CIO Announcements from J.C. Penney, the Red Cross, Cendant and More
Movers and Shakers
By Meridith Levinson, CIO
I want to begin today’s posting by thanking all of you who commented on the announcement about Marv Adams for sharing your perspectives. You created a wonderful dialog around his move, and one that adds considerable value to my blog.
Many different kinds of people read Movers & Shakers–from executive recruiters to CIOs to CIOs’ staffs–to keep tabs on which CIOs are getting hired and fired and to understand the implications of those job changes on the individual CIO who’s making the change, on the company and IT department s/he is leaving, and on the organization to which s/he is moving. Unfortunately, I have no way of knowing about the legacies of all the CIOs I mention on my blogs, and I really do look to you–my readers–to provide that insight, to say, ‘Watch out Citigroup techworkers: Marv’s an outsourcing monster’ or to say ‘This is a huge loss for Ford; Marv is the greatest CIO and strategy chief we’ve ever had.’ Your comments are invaluable to me, to my blog and to the people reading it. When you chime in with your opinions, you make my blog so much more compelling. You really do play a key role in the vitality of Movers & Shakers. Please keep your comments coming! And thanks again.
With that said, I’d love to know what you think of the management changes at Wal-Mart that were announced last week. Linda Dillman, who succeeded Kevin Turner as CIO in 2002, was named executive vice president of risk management and benefits administration. Wal-Mart’s EVP of Logistics and Supply Chain, Rollin Ford, was named CIO. I had suggested last week that perhaps Dillman is being groomed for broader management responsibility. But moving an IT executive into an HR-type role can also be perceived as a demotion. Given Wal-Mart’s history of cross-training it’s executives, I doubt Dillman is being demoted, but what do I know? Perhaps someone closer to the happenings at Wal-Mart can fill us in. Is her tenure as CIO considered successful? Was she really able to accomplish the things she wanted to do with RFID?
The other thing that’s notable about the management changes inside Wal-Mart IT is that this is the first time in years that someone outside of the IT department (but still within the company) has been brought in to lead it as CIO. Dillman worked for Kevin Turner before taking his spot, and Turner worked for Randy Mott before he left for Dell. What kind of message does the appointment of the supply chain executive as CIO send to the IT staff and the rest of IT management? Do you think it says anything about Dillman’s ability to groom a successor? Or does it suggest that Wal-Mart wants IT to play an even greater role in making its supply chain and logistics efforts more efficient?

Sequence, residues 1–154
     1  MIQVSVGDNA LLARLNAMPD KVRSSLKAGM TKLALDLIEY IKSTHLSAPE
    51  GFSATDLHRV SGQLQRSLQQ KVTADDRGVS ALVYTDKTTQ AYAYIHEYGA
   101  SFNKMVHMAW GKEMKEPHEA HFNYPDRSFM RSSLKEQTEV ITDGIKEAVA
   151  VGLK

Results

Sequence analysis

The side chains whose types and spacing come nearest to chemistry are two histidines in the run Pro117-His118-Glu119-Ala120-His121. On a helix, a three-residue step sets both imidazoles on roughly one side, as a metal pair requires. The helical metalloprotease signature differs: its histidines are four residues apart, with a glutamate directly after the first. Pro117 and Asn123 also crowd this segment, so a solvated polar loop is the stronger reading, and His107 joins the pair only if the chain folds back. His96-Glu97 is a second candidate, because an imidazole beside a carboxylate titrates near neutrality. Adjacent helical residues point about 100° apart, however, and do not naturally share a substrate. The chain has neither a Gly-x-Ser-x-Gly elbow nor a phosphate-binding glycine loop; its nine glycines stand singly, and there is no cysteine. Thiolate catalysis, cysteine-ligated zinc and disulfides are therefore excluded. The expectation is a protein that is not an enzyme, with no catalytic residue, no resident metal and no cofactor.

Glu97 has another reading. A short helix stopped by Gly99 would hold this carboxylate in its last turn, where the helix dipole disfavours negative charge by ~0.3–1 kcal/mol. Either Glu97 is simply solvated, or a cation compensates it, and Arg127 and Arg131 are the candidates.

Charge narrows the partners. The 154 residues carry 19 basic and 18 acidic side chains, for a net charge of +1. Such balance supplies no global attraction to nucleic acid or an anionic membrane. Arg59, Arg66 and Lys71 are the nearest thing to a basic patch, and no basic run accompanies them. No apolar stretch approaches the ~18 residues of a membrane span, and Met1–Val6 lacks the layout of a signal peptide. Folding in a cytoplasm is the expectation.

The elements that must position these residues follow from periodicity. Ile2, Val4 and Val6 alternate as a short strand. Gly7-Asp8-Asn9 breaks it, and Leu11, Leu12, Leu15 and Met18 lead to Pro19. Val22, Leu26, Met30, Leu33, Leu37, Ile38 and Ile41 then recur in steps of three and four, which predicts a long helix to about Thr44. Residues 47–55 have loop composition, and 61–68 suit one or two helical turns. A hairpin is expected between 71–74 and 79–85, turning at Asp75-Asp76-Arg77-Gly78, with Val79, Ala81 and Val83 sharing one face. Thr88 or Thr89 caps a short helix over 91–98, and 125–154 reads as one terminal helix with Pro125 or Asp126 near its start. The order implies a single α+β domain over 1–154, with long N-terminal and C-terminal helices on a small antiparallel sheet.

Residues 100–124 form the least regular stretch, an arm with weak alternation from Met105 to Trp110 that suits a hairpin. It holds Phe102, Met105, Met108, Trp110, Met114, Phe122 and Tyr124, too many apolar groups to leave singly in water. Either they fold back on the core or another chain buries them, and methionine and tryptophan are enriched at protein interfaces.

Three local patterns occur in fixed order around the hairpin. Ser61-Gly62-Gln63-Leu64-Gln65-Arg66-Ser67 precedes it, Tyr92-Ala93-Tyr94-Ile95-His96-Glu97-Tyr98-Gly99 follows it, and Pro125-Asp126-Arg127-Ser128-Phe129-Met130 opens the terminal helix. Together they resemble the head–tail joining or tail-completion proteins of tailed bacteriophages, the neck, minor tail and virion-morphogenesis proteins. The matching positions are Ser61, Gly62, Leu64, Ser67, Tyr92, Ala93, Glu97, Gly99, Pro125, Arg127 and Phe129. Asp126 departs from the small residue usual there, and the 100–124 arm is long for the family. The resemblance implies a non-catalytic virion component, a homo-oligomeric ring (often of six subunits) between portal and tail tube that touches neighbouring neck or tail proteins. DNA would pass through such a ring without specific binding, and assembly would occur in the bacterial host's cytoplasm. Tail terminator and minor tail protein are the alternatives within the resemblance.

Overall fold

Now for the news of new CIOs you came to read:
Ron Johnson was promoted from vice president of IT to CIO at Scripps Networks. He’s worked for the company for three years. His top priority is developing a media asset management strategy for the organization that runs the DIY and HGTV networks.
Last Friday was my day for tips from my devoted readers (thank you!). Three came in during a single afternoon, which—if I may be so bold—makes me think my blog really is the preeminent destination for CIO announcements. Among the FYIs that readers sent to me:
Craig Cuyar was hired as CIO of Cendant’s new real estate company.
Peter Martin was named vice president of Insight UK’s worldwide IT infrastructure. He most recently was in charge of the infrastructure for just the UK portion of the business. He’s now responsible for data center operations, help desk support, systems administration, database administration and voice/data networks on a global scale. He reports to Insight’s CIO, Dave Rice.
Dave Clarke (pictured at right) left his position as vice president and CTO of the American Red Cross to join Tatum LLC as a partner in its technology leadership practice. Clarke says he’s “glad to be with a growing firm that offers such tremendous value to our clients.” The Red Cross has come under attack over how it used millions of dollars it raised for hurricane victims.
I also just heard earlier today that Steve Raish (pictured wearing the blue shirt) has supposedly “retired” from his post as CIO of J.C. Penney. The company has not yet named a successor. Anyone know what’s going on at J.C. Penney?